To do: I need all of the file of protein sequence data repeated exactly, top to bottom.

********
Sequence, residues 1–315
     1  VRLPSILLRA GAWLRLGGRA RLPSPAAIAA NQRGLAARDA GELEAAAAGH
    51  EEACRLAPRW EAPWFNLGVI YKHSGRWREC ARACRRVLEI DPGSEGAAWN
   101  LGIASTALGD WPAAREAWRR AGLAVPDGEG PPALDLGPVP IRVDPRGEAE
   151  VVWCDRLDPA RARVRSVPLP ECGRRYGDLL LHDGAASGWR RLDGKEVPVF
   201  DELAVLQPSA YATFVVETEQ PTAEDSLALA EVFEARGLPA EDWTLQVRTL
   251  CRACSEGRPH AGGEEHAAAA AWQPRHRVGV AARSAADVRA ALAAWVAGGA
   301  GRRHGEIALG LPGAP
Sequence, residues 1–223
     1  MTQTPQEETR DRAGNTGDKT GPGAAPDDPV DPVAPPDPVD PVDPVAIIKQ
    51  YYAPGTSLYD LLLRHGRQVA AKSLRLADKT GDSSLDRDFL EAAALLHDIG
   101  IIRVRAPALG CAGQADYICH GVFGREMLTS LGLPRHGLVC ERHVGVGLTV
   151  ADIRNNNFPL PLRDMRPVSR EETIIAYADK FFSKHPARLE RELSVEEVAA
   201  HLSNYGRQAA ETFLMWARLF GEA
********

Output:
Sequence, residues 1–315
     1  VRLPSILLRA GAWLRLGGRA RLPSPAAIAA NQRGLAARDA GELEAAAAGH
    51  EEACRLAPRW EAPWFNLGVI YKHSGRWREC ARACRRVLEI DPGSEGAAWN
   101  LGIASTALGD WPAAREAWRR AGLAVPDGEG PPALDLGPVP IRVDPRGEAE
   151  VVWCDRLDPA RARVRSVPLP ECGRRYGDLL LHDGAASGWR RLDGKEVPVF
   201  DELAVLQPSA YATFVVETEQ PTAEDSLALA EVFEARGLPA EDWTLQVRTL
   251  CRACSEGRPH AGGEEHAAAA AWQPRHRVGV AARSAADVRA ALAAWVAGGA
   301  GRRHGEIALG LPGAP
Sequence, residues 1–223
     1  MTQTPQEETR DRAGNTGDKT GPGAAPDDPV DPVAPPDPVD PVDPVAIIKQ
    51  YYAPGTSLYD LLLRHGRQVA AKSLRLADKT GDSSLDRDFL EAAALLHDIG
   101  IIRVRAPALG CAGQADYICH GVFGREMLTS LGLPRHGLVC ERHVGVGLTV
   151  ADIRNNNFPL PLRDMRPVSR EETIIAYADK FFSKHPARLE RELSVEEVAA
   201  HLSNYGRQAA ETFLMWARLF GEA